The risk of misleading results has led public-health agencies to discourage the use of antigen tests in a non-medical setting.  According to ACPHD’s letter to CityHealth, both the Association of Public Health Laboratories and the California Department of Public Health warn against using such tests to screen asymptomatic persons, like those who would go to a community testing site.  (The two organizations also recommend against using such tests to screen healthcare workers, first responders, and other essential workers.)

ACPHD itself has formally endorsed this conclusion.  In its “COVID-19 Laboratory Testing Guidance for Clinicians” issued on July 22, the Health Department reiterated APHL’s advice that “rapid SARS-CoV-2 antigen tests should generally NOT be used for screening asymptomatic individuals, including healthcare workers and emergency responders, and should not be the primary tests considered when expanding testing to underserved populations.”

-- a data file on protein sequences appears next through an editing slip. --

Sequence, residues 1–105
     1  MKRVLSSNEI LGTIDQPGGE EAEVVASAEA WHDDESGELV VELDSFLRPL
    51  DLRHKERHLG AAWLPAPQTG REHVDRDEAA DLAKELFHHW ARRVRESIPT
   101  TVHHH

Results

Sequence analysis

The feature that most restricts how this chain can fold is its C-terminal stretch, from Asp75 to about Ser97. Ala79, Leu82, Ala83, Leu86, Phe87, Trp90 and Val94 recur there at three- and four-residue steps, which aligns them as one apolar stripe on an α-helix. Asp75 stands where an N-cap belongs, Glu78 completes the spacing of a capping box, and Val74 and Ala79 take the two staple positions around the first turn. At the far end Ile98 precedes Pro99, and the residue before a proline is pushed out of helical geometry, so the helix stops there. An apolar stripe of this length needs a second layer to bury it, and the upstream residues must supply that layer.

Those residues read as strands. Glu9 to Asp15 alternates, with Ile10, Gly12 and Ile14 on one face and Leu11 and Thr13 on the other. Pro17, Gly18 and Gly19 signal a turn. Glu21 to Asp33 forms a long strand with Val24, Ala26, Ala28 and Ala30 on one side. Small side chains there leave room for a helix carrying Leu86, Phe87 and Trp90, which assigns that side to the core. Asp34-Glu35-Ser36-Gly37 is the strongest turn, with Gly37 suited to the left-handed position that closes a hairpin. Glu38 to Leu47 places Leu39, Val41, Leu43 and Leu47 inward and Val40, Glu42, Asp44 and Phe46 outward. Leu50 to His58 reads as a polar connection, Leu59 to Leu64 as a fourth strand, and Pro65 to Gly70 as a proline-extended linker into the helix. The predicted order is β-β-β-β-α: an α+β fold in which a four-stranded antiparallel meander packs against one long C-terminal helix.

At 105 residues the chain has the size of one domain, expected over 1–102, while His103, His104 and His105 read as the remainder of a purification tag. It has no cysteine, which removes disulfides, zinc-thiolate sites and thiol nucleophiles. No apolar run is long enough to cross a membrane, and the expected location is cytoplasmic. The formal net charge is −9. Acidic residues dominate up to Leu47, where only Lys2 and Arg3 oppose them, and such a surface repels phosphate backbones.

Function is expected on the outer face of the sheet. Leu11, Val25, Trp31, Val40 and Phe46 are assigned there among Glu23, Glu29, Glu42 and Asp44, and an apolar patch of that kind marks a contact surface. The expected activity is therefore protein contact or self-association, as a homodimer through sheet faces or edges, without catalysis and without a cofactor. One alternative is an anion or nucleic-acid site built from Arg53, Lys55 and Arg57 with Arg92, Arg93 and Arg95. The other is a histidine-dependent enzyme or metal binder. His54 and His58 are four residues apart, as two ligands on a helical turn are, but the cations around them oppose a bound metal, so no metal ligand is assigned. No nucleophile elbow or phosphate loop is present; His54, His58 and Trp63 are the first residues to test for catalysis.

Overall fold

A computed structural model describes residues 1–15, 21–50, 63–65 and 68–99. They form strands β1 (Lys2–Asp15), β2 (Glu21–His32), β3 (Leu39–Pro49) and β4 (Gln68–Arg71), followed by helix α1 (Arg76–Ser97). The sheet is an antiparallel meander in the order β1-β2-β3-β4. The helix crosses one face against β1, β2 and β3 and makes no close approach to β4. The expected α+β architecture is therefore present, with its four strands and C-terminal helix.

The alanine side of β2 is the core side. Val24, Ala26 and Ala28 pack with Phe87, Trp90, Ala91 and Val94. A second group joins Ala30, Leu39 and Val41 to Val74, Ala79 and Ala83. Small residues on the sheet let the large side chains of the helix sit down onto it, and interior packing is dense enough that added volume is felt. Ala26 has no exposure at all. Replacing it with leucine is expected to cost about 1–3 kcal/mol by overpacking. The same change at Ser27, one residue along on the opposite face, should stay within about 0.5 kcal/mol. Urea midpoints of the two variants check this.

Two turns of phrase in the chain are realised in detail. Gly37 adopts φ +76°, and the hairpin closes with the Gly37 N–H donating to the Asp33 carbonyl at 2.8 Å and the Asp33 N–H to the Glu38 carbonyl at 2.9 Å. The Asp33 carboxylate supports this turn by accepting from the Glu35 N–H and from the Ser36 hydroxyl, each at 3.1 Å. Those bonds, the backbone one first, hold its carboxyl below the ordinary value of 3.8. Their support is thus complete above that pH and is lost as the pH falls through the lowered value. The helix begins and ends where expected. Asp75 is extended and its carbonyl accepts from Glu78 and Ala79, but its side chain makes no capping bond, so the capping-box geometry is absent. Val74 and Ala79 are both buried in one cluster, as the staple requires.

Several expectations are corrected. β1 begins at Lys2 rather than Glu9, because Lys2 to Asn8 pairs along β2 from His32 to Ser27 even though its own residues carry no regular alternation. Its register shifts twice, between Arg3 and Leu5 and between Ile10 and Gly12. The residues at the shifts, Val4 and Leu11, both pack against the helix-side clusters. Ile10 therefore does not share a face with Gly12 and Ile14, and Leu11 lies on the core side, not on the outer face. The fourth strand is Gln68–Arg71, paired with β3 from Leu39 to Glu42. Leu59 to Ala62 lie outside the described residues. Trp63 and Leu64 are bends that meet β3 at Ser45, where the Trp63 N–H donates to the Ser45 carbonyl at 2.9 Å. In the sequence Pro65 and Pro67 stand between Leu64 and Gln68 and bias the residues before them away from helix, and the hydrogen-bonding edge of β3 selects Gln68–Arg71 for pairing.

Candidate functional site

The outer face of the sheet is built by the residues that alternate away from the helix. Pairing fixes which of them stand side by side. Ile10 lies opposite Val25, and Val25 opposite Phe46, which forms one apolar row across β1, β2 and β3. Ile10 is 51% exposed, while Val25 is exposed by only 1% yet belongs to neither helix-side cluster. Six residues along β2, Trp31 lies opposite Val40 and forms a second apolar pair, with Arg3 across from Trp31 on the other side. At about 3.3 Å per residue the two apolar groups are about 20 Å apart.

Now, the question immediately arises:  If antigen tests aren’t supposed to be used at community testing sites like Marina Village, why did the City and ACPHD allow CityHealth to open for business there in the first place – and then why, after learning that CityHealth was using a test with an enhanced risk of false negatives, didn’t the City and ACPHD shut down the site right away?

We don’t have a good answer to that question.

Mr. Levitt told us that, in “partnering” with CityHealth, the City was trying to satisfy the public’s “hunger” for coronavirus testing.  Antigen testing “gives more information than no testing at all,” he said, and it has been “approved by the FDA.”  That’s true – but the FDA recommends it for use only in medical settings.  Moreover, Mr. Levitt suggested, it was ACPHD’s role, not the City’s, to enforce the Health Department’s testing guidelines.  True again – but it’s the City’s job not to oversell a service it is encouraging residents to avail themselves of.